Once you figure out how to effectively use blogs as a tool, you just may find that your blog is giving birth to new ones. I now have several, each with a different focus:
This blog. Focuses on the cultural and economic condition of fiber artists and textile producers around the world.
Artezano Links serves as a dumping ground for cool craft resources that I see as I travel around on the internet.
Biels in Brazil documents the time my family spent as missionaries in Brazil, largely inspired by photos I had made of my Dad's old slides.
TAFA: The Textile and Fiber Art List is actually a business that uses the blog features to provide a platform for fiber artists and textile businesses.
As my knowledge has increased, so has my ability to act as a technical assistance provider to my peers. I have also set up a couple of blogs for others and taught them how to use their blogs for their purposes. I foresee that this will become a side business for me. With TAFA, I spend a lot of time helping the members gather their information together so that they can present the best image of themselves possible to the public. I find that most artists barely scrape the surface of the tools that are accessible to them through their blogs and other social media platforms.
One can get obsessed with blogging and these other tools and I find that I really don't have the time it takes to develop any one of them effectively. But, then, if they are each worked on a bit here and there, over time, they will become a valuable resource. One of my favorite blogs, Knitting Letters: A to Z by Union Purl, only blogs occasionally, but each post is so interesting, well researched and illustrated, that it doesn't matter. In my book, I would rather spend time on blogs that have some meaning and intention behind them than ones that have a daily blather.
Is it worth it?
These last two years have also seen some great cyber friends disappear from the internet due to burn out. Time is a constant challenge for me. I have so many ideas that I would like to develop in all of my blogs, but in the end, I do need to focus on those that will generate income. My main source of income comes through what I can generate online through my Etsy store and these side jobs. Every now and then I get work locally, but it's not much and the pay is very low.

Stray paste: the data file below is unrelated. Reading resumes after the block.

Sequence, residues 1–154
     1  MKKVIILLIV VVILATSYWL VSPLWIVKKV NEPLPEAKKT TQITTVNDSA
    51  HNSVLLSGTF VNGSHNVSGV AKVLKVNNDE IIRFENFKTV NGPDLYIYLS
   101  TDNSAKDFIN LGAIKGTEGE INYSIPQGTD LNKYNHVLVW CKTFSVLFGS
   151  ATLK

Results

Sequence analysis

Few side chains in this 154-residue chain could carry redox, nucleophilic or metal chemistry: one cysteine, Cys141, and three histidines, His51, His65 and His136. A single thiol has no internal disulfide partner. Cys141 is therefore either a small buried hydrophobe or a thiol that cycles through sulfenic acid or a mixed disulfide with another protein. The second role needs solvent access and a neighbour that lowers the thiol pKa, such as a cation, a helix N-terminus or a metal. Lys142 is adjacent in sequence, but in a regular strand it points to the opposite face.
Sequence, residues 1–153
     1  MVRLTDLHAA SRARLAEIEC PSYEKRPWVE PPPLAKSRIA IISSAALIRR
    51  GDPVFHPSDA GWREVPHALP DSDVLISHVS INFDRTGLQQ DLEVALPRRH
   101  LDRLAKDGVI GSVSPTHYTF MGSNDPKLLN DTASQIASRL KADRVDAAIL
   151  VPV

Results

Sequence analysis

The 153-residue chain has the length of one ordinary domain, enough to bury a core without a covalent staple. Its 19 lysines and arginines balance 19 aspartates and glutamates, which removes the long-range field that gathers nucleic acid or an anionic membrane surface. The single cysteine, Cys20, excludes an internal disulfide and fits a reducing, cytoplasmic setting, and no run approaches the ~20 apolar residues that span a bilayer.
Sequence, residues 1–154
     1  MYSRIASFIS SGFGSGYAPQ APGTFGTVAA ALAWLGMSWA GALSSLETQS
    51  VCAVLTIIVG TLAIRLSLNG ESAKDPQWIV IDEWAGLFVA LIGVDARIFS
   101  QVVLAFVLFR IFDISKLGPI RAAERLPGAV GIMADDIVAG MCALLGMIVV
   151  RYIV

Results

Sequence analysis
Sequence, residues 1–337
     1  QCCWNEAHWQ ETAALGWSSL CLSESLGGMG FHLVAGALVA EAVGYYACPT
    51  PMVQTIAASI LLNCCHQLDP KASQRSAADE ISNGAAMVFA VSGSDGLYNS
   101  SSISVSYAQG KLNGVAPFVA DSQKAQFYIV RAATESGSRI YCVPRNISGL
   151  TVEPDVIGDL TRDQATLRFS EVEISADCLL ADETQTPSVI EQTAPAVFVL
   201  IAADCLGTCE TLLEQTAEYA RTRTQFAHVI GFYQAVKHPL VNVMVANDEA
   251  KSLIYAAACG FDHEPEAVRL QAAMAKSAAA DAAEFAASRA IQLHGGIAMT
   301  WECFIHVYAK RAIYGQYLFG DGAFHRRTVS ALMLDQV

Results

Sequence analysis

Has Fiber Focus fulfilled its purpose in driving buyers to my Etsy store? I haven't seen much evidence of it. Has it succeeded in building a cyber community? In a limited way, yes. I started a ning group that was inspired directly from working on this blog and it shares the same name, The Fiber Focus Group. It's a great group, but developed in a way that I didn't really expect. I was hoping for more people like me who are interested in the social context of fiber art and textiles, but instead, got a great group of people who like to share their work with each other.
Finally, there is TAFA, and that has only been possible because of all these other efforts coming together: learning the skills, selling on Etsy, networking on Fiber Focus, promoting the blog. Rayela Art has a nice placement on google searches and has a recognizable name. I would say that yes, all of these things are worth it, indeed necessary, if one wants to build an online business. So, I'm sticking with it, plodding ahead, as I can.
I am not happy with how little I have been posting on Fiber Focus. I would like to aim at two good posts a week. I need to figure out how to achieve that goal and make it more time efficient. For example, this post has already taken two hours to write. When I research a theme, it can take up to eight hours. I can't justify the time, so I need to quit blathering and shorten my content. Perhaps one way to do this would be to work on a post an hour a day until it is ready, or to divide it into shorter posts. I'll have to play with it and see what happens.
I still would like to have contributors post regularly here. Donna Hussain is currently the only regular contributor that I have, faithfully submitting a new post every month. Her quilting tutorials and stories generate a great deal of traffic for the blog, which I deeply appreciate. In turn, she has a platform that she does not need to maintain. I found her at a quilt show, loved her work, but she had no visible presence online, so it was hard finding her. Now she has a presence. Three or four more like her would be great!
Blogger recently added a new feature where we can now add pages to our blogs. I want to clean up Fiber Focus and use those pages to make the blog more useful as a resource.
That's all I have planned for now. What do you think? Where would you like to see Fiber Focus go? What have been your favorite posts? Is the site too cluttered? It's this baby's birthday, so what is your birthday wish?